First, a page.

The influence of perceived temperature on human well-being in the context of climate change: A multi-level global analysis
Anthropogenic climate change is causing global shifts in climate. Mean global temperatures are increasing extremely rapidly. One direct consequence of this is that in many places perceived temperature is higher than before. This is due to shifts in both temperature and humidity as the climate sys...
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|Anthropogenic climate change is causing global shifts in climate. Mean
global temperatures are increasing extremely rapidly. One direct consequence of
this is that in many places perceived temperature is higher than before. This
is due to shifts in both temperature and humidity as the climate system reacts
to the higher level of heat and the accompanying processes redistributing warm
air and moisture in the atmosphere.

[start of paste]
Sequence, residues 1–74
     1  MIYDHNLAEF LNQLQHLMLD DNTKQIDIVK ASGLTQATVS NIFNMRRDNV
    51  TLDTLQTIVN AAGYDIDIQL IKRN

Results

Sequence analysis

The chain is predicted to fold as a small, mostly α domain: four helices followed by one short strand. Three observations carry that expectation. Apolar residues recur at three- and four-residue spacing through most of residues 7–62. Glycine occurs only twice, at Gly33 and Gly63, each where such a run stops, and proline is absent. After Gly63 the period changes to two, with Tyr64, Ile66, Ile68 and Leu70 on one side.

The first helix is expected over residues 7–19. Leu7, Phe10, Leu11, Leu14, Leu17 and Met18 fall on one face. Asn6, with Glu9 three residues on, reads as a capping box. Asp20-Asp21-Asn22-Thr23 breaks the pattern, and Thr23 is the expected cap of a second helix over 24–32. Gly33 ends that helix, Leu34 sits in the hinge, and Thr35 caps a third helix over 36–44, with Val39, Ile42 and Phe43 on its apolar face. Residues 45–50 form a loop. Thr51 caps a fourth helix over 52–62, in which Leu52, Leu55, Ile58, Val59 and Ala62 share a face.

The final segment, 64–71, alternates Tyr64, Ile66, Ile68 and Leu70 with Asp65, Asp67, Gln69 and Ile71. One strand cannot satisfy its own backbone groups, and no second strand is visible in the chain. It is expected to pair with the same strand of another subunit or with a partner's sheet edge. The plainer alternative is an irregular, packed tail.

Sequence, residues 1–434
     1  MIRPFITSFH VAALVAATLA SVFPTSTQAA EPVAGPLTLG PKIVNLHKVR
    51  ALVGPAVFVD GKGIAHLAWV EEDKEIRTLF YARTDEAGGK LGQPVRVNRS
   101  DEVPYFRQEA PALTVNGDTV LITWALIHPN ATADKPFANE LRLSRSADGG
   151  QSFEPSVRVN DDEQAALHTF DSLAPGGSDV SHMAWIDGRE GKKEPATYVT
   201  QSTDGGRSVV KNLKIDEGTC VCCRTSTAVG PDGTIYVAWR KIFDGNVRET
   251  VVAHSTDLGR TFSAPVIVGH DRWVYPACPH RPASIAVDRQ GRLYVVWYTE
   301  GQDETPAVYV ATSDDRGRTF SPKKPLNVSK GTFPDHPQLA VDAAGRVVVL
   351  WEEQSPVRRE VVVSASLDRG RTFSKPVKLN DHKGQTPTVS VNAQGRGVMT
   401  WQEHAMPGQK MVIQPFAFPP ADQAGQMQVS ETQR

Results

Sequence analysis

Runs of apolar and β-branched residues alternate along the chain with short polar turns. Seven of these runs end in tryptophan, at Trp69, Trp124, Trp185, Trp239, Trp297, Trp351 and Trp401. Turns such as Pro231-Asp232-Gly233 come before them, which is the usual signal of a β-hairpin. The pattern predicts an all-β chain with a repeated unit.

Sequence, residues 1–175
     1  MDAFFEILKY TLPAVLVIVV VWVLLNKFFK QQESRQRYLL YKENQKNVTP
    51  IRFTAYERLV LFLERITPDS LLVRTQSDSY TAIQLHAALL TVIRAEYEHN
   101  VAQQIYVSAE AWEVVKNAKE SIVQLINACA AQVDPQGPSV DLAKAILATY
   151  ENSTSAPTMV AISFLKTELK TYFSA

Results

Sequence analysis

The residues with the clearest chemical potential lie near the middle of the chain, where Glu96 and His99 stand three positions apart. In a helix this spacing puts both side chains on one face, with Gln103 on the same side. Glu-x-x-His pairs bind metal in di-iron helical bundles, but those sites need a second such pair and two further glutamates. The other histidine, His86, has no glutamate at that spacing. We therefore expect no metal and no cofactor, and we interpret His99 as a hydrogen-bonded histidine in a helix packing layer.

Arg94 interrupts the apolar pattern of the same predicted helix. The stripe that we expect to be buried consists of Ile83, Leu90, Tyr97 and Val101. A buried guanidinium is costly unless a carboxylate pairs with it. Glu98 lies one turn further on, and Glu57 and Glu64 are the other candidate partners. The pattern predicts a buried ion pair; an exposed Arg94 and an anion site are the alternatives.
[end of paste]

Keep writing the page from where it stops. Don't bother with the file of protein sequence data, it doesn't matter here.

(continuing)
Hot weather has been shown to be potentially dangerous in many contexts to
various aspects of human life. From a health perspective, heat creates
additional stress for the body, potentially impacting the circulatory and
nervous systems. Exhaustion rates increase and the need for hydration rises.
Beyond the direct effects on health, heat can also affect other human systems,
either directly or indirectly through ancillary mechanisms. Exhausted workers
are less productive. Sickness and mortality creates costs for economies and
slows economic growth. Heat also affects the temperature of coolant water for
power plants, the growth rates of plants, and many other components of
economies that are connected with human well-being.
In this thesis I discuss the increase in perceived temperature over the past
three decades. I examine its effects on mortality in Europe and on economic
growth rates worldwide. The findings indicate that perceived temperature is
increasing for most of the world, and that higher mortality rates can be
expected as a result. Additionally, economic growth can be expected to slow in
the presence of longer and more frequent heat waves.